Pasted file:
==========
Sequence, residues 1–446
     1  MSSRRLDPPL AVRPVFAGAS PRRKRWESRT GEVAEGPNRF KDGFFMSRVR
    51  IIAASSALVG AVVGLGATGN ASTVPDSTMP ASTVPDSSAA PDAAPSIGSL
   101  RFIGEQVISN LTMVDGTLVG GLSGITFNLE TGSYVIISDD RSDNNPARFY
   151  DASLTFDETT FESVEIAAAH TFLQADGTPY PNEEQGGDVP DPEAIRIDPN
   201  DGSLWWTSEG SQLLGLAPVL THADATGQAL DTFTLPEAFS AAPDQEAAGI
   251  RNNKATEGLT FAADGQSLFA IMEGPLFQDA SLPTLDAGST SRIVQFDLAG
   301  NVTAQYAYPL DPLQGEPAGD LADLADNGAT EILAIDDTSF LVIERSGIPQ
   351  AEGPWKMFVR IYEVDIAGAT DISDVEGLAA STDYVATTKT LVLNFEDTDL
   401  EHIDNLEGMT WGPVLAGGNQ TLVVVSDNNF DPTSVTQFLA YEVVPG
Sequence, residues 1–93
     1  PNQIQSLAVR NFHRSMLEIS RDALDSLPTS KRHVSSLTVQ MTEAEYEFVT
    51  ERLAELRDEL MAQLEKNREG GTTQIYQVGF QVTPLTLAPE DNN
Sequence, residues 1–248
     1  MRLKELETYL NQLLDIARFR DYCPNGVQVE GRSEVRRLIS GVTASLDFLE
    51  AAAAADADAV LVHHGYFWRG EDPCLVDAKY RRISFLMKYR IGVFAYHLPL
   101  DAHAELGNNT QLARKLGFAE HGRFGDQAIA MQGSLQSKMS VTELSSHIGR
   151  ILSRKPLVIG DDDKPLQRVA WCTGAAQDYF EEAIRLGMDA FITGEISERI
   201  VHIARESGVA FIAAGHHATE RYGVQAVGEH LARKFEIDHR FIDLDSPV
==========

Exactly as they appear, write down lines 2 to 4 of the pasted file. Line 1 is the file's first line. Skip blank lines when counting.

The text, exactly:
     1  MSSRRLDPPL AVRPVFAGAS PRRKRWESRT GEVAEGPNRF KDGFFMSRVR
    51  IIAASSALVG AVVGLGATGN ASTVPDSTMP ASTVPDSSAA PDAAPSIGSL
   101  RFIGEQVISN LTMVDGTLVG GLSGITFNLE TGSYVIISDD RSDNNPARFY